Premature ejaculation is something that many men are concerned about, though it’s actually unlikely in most cases that they are suffering from the clinical definition of premature ejaculation. While there is no completely agreed ‘cut off point’ for what doctors consider to be ‘premature ejaculation’, it is generally considered to be anything within 15 seconds of penetration. Some men with genuine PE will not even get to the point of penetration before they ‘finish’.
The normal ‘ejaculatory latency’ for men is actually anywhere between 3-4 minutes however and in many cases less than that. Thus men who actually have completely typical sexual stamina will often feel that they aren’t lasting as long as they should and may consider themselves to have a ‘mild’ form of premature ejaculation. The problem is that most women require at least 10 minutes and often up to 30 minutes of stimulation before they are able to reach orgasm. Normal healthy men might therefore be unable to bring their partners to climax and may be looking for treatment to improve their sex lives.
Whether you are someone who is genuinely suffering with premature ejaculation, or you just want to last a little longer in bed, there are a number of treatments available, many of which address the psychological aspect of the problem.
There are many therapeutic treatments available for those struggling with premature ejaculation, several of which have a high success rate.
One form of therapy is CBT or ‘cognitive behavioral therapy’. This is a psychotherapeutic approach that involves teaching the patient to recognize the way that their negative thought patterns might be contributing to the problem of PE and then showing them how to combat these with positive affirmations and cognitive restructuring.
Essentially the goal is to get the patient to stop stressing about the prospect of premature ejaculation, which only makes the problem worse by drawing attention to it. By having sex while maintaining a calm attitude and focusing purely on your partner’s satisfaction, it’s possible to ‘get out of your own way’ often leading to the results you may be looking for.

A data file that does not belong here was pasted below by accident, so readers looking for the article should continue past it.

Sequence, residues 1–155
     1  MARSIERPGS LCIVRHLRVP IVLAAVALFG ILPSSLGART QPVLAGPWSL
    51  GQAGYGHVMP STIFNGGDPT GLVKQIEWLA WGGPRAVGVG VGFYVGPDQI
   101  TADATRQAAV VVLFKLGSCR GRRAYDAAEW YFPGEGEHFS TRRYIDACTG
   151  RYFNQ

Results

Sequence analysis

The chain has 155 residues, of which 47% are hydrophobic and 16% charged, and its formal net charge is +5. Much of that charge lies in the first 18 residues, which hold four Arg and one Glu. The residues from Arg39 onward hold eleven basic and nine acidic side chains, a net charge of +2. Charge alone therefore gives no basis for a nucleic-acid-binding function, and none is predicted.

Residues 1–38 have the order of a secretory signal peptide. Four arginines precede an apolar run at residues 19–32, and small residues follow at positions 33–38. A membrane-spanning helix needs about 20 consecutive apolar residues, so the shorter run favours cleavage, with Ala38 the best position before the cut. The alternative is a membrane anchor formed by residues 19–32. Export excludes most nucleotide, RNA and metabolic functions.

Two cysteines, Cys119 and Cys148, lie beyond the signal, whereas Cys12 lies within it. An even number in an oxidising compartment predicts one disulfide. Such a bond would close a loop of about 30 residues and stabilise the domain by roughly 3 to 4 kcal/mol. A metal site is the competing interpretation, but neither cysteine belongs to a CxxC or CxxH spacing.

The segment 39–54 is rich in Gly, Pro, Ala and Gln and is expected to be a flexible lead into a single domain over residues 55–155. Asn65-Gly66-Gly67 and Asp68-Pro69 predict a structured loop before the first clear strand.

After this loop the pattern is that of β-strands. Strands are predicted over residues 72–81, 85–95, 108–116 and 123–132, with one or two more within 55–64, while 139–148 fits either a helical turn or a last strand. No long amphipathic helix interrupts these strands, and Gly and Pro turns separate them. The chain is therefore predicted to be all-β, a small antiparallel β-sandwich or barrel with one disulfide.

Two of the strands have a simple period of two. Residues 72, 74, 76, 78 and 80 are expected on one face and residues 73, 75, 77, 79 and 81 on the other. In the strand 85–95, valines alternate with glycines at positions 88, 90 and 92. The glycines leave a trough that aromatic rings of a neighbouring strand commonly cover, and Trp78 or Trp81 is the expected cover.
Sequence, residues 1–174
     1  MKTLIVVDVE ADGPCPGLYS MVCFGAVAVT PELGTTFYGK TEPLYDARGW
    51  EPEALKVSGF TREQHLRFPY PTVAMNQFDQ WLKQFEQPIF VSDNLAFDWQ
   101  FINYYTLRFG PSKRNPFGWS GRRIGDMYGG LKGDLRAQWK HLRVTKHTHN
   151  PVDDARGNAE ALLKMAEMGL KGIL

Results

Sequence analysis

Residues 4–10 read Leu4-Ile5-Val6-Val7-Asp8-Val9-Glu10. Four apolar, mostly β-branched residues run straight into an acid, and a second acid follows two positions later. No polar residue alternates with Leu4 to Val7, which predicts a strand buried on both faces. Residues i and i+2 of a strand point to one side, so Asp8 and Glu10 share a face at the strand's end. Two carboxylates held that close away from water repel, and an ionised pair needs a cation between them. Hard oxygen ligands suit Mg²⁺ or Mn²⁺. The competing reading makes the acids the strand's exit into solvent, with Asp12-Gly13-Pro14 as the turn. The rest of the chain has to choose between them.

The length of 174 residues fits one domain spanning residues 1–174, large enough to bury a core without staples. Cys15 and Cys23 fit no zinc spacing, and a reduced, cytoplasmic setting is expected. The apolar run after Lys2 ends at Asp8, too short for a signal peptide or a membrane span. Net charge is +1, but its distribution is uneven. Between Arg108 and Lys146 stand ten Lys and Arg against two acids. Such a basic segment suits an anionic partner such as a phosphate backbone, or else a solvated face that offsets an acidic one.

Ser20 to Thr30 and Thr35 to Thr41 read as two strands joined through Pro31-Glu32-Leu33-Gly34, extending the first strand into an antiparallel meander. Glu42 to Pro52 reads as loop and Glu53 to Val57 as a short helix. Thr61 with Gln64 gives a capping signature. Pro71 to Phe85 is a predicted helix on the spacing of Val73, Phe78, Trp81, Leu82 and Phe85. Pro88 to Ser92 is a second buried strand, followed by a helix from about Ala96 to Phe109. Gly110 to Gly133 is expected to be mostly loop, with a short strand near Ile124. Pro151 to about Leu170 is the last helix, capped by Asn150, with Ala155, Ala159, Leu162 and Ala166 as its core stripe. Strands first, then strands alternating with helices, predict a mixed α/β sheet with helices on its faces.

Another form of therapy is psychotherapy. This is a type of therapy that follows the teachings of Freud and psychodynamic theory and which is considerably less successful than CBT in treating the problem. Here, it is believed that those suffering from premature ejaculation may in fact have an ‘unconscious hostility’ towards women and that their PE is an attempt to frustrate the partners they’re with while still getting their own satisfaction. The science, evidence and common sense fail to back this up, though some people still choose this form of therapy.
Finally, sex therapy combines a CBT-type approach with practical advice. Sex therapists teach men to identify the signs that they’re about to climax and then recommend using a ‘stop and start’ approach where they stop moving during sex to help them relax. This method has been shown to be successful, but it is worth remembering that women need continual stimulation in order to orgasm so this could be a counter-productive strategy. Sex therapists also recommend the use of desensitizing agents which numb sensation for the men and of exercises to strengthen the pubococcygeus muscle which can be used to control ejaculation.